It was clear enough that the solicitor could tell Stella Warren that she would not inherit: he understood that she was who the testator had named, albeit with some inaccuracy. There is a slight possibility that the testator meant to create a conditional bequest, i.e. make it effective only if they were married at the time of his death, but more express words would generally be needed in order to make this compelling. I think Stella Warren could argue her claim and the solicitor is wrong to dismiss this out of hand.

A similar case is In re Wagstaff [1908], where the testator left his house to "my dear wife, D. J. Wagstaff; if she shall so long continue my widow, for her own use and benefit, and upon her decease or second marriage, then over". The lady in question was never married to him, and therefore could not be his widow, and in fact was married to another man all along. On appeal, it was held that "the testator means beyond all doubt, and it has not been disputed, the lady with whom he went through the form of marriage". The additional inaccurate words are not a problem.

In another similar case, Pilot v Gainfort [1931], the testator Dr Frederick Pilot gave "to Diana Featherstone Pilot my wife all my worldly goods". He was not married to her at the time and she did not share his surname - indeed, he was married to somebody else, who had disappeared in 1921. The will was executed in 1927, and the couple were married in 1928 (since after seven years' disappearance, the former wife could be presumed deceased). In probate proceedings, the will was held to be valid - of course they were married at the time of death, but this does show a will where the name and description of the legatee were inapt at the time it was written.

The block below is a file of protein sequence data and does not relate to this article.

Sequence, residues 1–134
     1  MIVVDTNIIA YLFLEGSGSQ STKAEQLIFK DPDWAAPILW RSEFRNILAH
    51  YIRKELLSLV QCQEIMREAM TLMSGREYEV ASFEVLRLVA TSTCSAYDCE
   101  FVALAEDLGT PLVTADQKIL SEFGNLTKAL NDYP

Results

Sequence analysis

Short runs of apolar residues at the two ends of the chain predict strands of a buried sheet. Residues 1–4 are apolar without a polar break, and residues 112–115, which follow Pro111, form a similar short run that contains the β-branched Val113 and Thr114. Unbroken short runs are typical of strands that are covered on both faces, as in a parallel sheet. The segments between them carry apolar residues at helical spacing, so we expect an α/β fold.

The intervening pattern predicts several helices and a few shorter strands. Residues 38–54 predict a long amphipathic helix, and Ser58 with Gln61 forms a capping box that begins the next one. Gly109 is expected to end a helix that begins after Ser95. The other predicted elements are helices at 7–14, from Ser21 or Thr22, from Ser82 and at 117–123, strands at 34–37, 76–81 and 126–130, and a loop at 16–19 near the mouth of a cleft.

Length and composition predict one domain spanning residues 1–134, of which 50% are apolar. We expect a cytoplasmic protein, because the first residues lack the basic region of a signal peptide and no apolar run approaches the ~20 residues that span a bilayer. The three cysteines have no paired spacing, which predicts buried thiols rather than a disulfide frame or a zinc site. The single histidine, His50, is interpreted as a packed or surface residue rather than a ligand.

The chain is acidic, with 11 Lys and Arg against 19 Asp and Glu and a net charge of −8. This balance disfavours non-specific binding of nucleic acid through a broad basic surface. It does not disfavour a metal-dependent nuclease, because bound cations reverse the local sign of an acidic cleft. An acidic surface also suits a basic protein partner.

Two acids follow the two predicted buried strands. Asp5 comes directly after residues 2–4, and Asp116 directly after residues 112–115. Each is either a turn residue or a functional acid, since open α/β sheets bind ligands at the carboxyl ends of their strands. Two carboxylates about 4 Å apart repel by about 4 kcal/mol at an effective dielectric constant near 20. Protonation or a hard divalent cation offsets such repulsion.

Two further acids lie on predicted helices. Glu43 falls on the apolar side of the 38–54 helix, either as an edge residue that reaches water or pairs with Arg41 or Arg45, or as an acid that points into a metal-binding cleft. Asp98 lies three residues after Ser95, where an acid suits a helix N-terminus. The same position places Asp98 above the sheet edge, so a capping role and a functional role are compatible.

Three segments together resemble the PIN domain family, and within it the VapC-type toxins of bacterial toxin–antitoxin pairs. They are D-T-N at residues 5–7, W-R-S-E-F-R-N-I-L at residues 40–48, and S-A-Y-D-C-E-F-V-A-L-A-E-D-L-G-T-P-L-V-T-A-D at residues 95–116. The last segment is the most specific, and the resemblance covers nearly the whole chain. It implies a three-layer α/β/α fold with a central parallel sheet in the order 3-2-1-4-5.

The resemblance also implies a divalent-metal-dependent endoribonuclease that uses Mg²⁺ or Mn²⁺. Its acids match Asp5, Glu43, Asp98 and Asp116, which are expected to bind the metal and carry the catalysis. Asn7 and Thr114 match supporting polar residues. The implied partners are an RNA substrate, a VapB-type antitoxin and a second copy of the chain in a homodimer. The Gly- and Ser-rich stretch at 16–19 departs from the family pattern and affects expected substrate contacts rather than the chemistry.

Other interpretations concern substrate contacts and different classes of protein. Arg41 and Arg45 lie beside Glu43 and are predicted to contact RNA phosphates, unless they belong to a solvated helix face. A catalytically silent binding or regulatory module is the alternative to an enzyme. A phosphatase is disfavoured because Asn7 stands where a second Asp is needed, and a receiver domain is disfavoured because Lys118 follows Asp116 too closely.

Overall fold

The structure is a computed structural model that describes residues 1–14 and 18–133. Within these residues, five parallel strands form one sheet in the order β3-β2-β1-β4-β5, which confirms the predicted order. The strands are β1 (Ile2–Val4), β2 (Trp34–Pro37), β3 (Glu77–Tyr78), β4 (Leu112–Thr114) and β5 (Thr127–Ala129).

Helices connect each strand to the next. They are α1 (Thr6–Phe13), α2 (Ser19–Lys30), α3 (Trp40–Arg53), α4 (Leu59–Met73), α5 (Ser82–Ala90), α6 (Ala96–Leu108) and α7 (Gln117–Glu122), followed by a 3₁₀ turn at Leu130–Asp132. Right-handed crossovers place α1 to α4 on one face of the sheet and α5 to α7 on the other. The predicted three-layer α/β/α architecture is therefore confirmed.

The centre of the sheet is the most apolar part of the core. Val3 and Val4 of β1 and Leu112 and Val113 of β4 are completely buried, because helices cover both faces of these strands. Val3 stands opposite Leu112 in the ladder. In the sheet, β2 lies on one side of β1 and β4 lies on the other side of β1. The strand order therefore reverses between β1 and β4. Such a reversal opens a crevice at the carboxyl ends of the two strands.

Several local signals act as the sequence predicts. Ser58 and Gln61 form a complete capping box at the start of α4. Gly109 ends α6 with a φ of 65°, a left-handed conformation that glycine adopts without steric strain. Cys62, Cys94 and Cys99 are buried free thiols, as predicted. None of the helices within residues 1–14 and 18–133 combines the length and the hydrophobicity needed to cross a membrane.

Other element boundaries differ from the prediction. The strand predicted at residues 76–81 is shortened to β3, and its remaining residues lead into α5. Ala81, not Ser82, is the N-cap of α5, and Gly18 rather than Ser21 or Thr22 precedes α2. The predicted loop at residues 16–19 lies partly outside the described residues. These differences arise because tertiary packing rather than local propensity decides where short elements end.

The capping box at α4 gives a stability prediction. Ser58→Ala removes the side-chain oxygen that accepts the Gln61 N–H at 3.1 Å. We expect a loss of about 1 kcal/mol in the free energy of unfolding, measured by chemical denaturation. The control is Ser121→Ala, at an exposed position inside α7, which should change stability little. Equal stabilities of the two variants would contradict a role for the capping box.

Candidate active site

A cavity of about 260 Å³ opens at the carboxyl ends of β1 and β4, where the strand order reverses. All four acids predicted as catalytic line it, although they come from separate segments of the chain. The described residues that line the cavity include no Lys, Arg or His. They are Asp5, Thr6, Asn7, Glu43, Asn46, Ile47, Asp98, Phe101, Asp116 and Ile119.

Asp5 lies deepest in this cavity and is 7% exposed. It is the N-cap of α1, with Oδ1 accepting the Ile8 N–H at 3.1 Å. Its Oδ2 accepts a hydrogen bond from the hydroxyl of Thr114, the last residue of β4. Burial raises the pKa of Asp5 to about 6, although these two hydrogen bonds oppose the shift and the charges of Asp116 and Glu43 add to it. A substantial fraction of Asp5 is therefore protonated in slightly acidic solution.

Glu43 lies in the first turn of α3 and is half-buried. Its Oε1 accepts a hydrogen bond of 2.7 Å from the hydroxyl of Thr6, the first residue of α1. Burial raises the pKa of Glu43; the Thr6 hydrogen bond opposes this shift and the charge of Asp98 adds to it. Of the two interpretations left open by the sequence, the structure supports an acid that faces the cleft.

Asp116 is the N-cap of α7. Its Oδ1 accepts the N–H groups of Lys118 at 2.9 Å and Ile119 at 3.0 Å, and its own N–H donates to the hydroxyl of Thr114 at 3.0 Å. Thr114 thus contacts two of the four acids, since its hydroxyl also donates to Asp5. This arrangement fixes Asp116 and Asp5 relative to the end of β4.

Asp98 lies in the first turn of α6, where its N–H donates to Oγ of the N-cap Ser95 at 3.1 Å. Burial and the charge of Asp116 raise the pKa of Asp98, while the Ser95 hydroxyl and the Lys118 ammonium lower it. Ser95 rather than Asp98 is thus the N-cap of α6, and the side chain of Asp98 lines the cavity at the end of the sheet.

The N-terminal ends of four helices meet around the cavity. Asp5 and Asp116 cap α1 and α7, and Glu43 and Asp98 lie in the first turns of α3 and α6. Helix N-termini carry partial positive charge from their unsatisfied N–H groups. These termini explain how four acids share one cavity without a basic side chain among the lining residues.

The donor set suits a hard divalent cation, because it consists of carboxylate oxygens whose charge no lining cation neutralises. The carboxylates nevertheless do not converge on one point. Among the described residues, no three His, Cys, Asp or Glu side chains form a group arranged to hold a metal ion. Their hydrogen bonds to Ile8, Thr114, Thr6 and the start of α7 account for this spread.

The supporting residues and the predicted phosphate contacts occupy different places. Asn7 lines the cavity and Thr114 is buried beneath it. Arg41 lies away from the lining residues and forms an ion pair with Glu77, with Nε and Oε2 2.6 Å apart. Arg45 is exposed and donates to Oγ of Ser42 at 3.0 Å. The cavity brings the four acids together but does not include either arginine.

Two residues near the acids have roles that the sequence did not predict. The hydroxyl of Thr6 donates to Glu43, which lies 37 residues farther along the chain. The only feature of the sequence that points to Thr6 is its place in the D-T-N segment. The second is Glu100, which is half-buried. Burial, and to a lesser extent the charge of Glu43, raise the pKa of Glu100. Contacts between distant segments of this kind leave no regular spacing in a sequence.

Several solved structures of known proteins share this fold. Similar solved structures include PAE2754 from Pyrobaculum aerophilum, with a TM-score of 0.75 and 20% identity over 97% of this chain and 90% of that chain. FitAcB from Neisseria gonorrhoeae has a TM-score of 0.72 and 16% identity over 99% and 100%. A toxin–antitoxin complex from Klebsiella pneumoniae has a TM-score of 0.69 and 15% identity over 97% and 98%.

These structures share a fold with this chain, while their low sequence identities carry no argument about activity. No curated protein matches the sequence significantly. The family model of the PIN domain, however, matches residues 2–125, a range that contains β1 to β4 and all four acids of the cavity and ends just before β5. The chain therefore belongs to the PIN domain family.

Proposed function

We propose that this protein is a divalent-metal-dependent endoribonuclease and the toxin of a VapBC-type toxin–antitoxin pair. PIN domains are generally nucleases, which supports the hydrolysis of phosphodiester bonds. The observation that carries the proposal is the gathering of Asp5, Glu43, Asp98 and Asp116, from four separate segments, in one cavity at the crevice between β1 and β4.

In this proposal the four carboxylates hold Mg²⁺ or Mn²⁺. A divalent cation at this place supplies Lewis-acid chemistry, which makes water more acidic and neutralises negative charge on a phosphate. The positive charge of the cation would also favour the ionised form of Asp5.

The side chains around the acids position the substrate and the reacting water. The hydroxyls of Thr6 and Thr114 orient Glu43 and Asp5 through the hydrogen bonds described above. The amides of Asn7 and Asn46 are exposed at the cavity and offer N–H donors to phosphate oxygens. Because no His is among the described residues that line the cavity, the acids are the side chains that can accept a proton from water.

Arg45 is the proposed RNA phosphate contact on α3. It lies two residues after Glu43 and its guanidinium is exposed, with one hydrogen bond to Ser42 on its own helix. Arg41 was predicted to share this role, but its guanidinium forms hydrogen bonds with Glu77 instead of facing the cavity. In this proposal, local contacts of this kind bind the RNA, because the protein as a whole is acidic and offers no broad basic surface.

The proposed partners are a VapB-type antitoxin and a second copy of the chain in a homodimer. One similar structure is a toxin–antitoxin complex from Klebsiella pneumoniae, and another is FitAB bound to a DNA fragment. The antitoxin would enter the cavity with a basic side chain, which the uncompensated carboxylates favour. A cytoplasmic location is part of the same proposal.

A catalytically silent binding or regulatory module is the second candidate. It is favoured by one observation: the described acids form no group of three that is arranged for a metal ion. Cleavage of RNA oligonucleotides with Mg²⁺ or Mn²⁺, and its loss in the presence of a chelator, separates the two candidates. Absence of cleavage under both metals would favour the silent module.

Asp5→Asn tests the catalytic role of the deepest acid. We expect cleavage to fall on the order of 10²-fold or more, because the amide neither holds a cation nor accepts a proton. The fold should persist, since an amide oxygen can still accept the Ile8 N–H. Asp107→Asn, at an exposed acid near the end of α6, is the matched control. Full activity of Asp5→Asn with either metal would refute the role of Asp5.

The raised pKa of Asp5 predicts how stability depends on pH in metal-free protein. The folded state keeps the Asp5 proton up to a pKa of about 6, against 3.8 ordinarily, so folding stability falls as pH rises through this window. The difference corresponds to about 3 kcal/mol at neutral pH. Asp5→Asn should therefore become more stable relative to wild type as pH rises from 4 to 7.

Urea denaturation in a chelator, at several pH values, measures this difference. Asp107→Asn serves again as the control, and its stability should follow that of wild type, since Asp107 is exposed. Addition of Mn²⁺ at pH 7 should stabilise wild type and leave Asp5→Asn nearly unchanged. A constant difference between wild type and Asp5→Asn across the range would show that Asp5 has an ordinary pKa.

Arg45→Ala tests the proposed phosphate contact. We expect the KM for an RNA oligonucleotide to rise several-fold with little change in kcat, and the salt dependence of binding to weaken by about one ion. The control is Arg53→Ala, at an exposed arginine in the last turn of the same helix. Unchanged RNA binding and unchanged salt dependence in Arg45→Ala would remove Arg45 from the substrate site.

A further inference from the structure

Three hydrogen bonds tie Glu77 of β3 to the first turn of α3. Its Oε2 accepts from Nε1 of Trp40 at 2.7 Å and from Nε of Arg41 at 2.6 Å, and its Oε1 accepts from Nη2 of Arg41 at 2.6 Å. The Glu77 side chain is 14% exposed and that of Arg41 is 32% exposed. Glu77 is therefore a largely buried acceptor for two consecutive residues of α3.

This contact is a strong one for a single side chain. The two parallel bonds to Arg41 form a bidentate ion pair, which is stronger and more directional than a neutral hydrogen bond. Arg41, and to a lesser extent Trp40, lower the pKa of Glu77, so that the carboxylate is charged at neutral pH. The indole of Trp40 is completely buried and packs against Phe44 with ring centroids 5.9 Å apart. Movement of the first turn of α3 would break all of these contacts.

The law as of 1965-1973 was not fully settled on what evidence could be taken to help interpret disputed passages of a will. There were many rules specific to the interpretation of wills, which were not obvious even to practitioners. So even though Stella Warren has an argument, she might have had difficulty persuading a judge, depending on the approach taken. This changed in 1982 with the enactment of the Administration of Justice Act. In its section 21, it brought in a general rule that for any ambiguity, "extrinsic evidence, including evidence of the testator's intention, may be admitted to assist in its interpretation". This allows examination of the solicitor's meeting notes, for example, which could illuminate what the testator asked the solicitor to accomplish in the drafting. Such "parol evidence" would previously not have been allowed.

Therefore, aside from the murder, Stella would have an easier time today making her case, though in both time periods her case is quite strong on the principle.